A couple of weeks ago one of my lecturers, who shall remain unnamed, propped up on a high horse for a minute and said that ‘Christian music’ is the bane on the body of Christ. Now, while I don’t agree that all Christian music is a blight on the body of Christ I think he had a point. Over morning tea that same day one of my fellow student friends, who works in radio, said that all ‘Christian music’ does is figure out what’s popular in the secular charts and try and find a Christian imitation.
Then recently Stephen Altrogge half sarcastically, half seriously blogged on how to write a dodgy worship song
(with reference to nobody in particular – but from his own experience). My favourite two points were these:
Be Vague About Your Theology
Make sure to avoid any theology at all costs. Don’t talk about atonement, wrath, or any other biblical concepts. You want your song to be all about feeling. Don’t let the mind get in the way. Repeat after me: “Worship is a warm feeling, sort of like heartburn, only better.”
Make the Song All About You
The main point of your song should be your experiences and how God makes you feel. Don’t bother with objective truth about God. I would suggest that you use the words “I” or “me” at least 12-15 times. For example, “I feel like singing, yes I feel like spinning, because You make me feel so good inside. Like it’s my birthday, but more awesome.”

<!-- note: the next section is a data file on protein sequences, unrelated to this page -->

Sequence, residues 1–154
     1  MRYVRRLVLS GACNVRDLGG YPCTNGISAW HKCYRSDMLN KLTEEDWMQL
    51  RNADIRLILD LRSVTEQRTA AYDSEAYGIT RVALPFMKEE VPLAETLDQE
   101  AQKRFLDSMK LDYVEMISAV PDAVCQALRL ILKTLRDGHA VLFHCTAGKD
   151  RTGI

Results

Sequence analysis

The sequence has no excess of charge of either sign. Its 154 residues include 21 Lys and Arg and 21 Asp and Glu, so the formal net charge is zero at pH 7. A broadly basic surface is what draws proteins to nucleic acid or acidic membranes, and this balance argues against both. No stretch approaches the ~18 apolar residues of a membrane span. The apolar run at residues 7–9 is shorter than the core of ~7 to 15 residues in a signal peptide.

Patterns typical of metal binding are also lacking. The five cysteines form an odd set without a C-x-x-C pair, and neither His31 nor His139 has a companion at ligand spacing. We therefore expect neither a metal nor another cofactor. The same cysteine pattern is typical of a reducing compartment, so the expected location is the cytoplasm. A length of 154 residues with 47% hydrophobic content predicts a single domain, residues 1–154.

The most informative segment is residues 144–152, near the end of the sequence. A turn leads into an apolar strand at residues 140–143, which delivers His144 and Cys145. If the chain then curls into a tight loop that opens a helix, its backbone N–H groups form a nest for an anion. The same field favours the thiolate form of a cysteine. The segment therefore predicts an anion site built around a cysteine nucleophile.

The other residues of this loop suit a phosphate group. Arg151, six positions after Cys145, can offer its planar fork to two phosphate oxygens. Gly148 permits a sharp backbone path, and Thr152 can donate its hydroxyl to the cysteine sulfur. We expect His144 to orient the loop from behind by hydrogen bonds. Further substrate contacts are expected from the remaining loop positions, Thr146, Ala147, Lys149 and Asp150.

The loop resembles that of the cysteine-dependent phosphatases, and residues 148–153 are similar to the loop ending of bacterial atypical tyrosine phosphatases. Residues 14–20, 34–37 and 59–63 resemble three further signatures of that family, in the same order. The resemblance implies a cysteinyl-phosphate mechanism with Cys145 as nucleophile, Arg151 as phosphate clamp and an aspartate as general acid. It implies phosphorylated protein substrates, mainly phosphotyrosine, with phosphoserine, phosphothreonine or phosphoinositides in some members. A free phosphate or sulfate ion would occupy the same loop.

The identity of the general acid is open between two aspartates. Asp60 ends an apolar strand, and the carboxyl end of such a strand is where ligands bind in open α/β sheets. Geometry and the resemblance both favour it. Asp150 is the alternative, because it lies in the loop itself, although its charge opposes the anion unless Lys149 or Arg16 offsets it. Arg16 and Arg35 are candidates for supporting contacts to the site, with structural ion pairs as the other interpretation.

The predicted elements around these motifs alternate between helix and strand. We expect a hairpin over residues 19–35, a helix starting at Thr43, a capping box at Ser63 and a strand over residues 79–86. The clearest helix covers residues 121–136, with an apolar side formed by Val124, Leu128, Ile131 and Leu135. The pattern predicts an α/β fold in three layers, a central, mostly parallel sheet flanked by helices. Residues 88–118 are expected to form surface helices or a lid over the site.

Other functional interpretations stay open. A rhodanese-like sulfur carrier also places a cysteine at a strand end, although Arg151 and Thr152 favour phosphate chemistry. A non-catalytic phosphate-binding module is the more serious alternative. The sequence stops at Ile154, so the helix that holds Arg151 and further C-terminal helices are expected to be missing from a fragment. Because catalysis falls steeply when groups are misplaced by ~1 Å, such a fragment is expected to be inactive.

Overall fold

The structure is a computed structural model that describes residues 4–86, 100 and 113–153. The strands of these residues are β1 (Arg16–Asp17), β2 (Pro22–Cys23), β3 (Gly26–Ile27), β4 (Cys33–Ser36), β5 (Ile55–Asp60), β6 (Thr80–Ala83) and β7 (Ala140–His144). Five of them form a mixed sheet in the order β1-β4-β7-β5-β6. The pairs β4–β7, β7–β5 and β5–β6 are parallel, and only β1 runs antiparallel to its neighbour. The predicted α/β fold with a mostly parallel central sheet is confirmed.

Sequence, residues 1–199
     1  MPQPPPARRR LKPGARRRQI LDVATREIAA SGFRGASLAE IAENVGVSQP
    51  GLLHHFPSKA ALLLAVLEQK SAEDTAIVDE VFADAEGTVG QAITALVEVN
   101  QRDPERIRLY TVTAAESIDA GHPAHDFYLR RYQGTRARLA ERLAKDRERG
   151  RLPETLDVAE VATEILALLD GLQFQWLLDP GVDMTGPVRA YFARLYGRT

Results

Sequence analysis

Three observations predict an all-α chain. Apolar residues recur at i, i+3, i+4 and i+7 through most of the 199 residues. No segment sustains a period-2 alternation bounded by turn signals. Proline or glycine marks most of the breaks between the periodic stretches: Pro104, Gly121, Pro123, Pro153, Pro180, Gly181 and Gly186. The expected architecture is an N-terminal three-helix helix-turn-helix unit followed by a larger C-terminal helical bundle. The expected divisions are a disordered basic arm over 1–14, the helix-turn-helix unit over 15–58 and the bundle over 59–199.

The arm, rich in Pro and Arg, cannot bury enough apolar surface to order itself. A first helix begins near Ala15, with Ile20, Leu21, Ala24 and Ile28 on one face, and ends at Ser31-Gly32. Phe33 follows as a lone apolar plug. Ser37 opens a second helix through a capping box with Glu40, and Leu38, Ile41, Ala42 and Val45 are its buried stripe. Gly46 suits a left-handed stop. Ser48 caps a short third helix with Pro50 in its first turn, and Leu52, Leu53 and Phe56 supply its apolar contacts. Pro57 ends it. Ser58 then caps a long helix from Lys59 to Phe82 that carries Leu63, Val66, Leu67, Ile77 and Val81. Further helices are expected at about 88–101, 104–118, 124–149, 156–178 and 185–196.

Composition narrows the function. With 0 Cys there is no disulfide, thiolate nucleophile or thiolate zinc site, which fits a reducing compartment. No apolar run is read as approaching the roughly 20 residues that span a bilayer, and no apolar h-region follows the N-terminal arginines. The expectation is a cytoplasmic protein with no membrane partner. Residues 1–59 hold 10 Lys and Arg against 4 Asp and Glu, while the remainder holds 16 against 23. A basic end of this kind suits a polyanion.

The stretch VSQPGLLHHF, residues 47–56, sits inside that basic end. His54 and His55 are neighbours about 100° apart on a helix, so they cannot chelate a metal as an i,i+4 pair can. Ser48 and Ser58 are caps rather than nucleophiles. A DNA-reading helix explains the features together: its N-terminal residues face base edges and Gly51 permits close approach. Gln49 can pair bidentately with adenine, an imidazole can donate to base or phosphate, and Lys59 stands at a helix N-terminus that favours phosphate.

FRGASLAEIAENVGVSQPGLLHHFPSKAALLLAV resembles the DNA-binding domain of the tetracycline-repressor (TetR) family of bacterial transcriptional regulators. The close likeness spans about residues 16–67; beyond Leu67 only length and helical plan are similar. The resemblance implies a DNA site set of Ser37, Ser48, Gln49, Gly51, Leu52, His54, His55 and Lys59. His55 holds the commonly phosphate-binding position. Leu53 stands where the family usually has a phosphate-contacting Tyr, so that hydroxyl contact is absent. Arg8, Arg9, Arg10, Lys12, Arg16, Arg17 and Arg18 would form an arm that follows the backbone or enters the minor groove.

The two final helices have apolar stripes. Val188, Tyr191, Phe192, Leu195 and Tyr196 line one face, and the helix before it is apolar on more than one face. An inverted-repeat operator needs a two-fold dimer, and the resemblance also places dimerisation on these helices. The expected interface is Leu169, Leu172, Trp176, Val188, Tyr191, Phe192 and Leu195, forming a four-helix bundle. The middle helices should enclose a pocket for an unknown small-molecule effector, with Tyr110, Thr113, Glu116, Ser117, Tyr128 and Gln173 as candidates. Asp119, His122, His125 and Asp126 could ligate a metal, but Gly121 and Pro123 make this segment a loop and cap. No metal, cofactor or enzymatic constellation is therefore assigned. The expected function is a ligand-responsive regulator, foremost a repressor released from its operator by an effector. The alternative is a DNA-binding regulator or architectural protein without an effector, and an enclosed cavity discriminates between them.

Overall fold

While slightly tongue-in-cheek the rest of his points hit too close to home for many of the songs I hear on radio and in some churches. Stephen then followed up that post with an excellent post on ‘Why words matter in Worship Song
’. In answer to the comment that ‘what matters most in a worship song is the heart behind the song…’ he writes this:
To a certain extent, I agree. The sacrificial death of Christ makes our flawed, imperfect praise acceptable to God. My best worship is always stained with sin, and I always need Jesus to make my worship acceptable. And the heart really does matter. God does not like insincere worship.
But, we need to be very careful in how we think about this. The heart behind a worship song isn’t the only thing that matters. The words of the song and the ideas conveyed by a song matter. A whole lot.
Here’s why: we don’t get to worship God in whatever way we choose. We can’t sing whatever we want about God, no matter how deep our sincerity. In Scripture God has told who He is and how He must be worshiped. And because God is God, He gets to make the rules. He gets to tell us what worship should look like.
And concludes with this:
Truth matters. Sound doctrine matters. Our songs should be saturated with truth. It doesn’t please God when we sing false things about Him. It pleases Him when our songs are packed with Biblical truth.